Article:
My Lords, I am reluctant to enter into this debate, but I was involved in the same argument in relation to the Scottish Development Agency Bill. The reason the other place have given for not accepting this Amendment in my view is completely sensible. If I may repeat the reason it is, Because it is unnecessary to provide for the furnishing of information to members of companies". We have to treat that in relation to the Bill, and when it is said that it is unnecessary to give information we must read that as meaning that it is unnecessary to provide for this in legislation.

What are the duties of a director of a company? One of them is to look after the interests of the shareholders, and in the giving of certain information to members of the trade unions—which they will be compelled to do by law—it is obviously part of their duty, in this field of price-sensitive information, to which the noble Lord, Lord Drumalbyn, has just referred, to make that information available to their shareholders. There is nothing in this Bill which will prevent them from doing so, but it is their ordinary practice which should require them to do so. It may be that there would be directors or companies who would not do this, and the suggestion in the Amendment, therefore, is that we should legislate and compel them to give information that they would otherwise withhold.

There have been references, particularly by the noble Baroness, to the expert opinion on Stock Exchange matters. I would go the other way and say that there is probably no one in this House who is more ignorant of Stock Exchange matters than I am. But during these discussions I have heard about certain things, and one is the Code of Practice of the Stock Exchange, and the way in which they operate in certain directions. If the Stock Exchange authorities are so determined that this is the right thing to do, could they not deal with this in the same way as they have required good business practice to be operated by companies in other directions? They have not required an Act of Parliament to enable them to do that, and it is carried out. They can bring the force of moral compulsion to bear on companies to give this information, if this is what is wanted. But it is certainly quite correct, as is said in the Commons Reason on this Amendment, that it is unnecessary to do this in an Act of Parliament.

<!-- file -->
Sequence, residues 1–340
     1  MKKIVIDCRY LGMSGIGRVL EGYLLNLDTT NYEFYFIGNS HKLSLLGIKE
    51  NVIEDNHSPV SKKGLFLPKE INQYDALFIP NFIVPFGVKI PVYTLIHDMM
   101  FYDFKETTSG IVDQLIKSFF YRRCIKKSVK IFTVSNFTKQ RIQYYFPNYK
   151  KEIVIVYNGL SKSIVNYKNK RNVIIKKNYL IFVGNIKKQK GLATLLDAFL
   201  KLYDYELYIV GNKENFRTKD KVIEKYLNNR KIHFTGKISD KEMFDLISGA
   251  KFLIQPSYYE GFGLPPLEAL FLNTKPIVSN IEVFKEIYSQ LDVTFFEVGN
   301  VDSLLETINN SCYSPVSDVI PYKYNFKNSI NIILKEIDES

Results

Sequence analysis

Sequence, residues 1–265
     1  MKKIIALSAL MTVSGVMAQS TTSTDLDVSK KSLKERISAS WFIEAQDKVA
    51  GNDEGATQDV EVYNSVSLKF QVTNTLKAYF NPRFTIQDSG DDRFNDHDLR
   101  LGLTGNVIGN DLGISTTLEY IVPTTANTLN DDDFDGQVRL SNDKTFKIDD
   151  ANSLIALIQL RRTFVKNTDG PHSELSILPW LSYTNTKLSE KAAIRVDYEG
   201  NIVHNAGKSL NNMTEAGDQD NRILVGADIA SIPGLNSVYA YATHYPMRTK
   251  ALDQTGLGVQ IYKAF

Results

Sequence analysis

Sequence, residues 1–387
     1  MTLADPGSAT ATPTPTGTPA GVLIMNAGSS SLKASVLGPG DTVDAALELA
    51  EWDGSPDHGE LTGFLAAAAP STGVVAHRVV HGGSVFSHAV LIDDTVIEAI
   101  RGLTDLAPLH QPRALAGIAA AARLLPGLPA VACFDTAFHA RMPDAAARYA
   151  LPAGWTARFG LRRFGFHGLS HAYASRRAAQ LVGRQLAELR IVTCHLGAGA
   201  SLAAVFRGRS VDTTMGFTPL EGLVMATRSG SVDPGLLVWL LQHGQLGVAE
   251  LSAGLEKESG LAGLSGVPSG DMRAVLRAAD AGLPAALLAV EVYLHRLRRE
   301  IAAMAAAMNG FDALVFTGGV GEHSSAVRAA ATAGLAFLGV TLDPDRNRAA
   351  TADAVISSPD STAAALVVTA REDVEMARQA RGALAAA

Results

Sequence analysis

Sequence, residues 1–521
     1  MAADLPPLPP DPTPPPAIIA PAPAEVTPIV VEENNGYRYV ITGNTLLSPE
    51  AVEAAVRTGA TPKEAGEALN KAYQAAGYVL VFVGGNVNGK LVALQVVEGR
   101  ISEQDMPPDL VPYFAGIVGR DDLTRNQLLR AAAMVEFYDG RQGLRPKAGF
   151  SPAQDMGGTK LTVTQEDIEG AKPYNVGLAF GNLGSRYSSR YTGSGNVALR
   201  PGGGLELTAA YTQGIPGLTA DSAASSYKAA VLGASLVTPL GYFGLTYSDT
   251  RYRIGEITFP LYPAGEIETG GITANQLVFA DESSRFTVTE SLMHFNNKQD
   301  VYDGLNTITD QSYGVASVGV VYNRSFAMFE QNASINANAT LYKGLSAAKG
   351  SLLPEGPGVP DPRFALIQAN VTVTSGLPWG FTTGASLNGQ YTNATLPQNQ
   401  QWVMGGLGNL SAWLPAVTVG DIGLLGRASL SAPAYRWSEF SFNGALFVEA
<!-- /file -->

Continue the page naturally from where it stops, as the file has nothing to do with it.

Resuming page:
On Question, Motion agreed to.

5.22 p.m.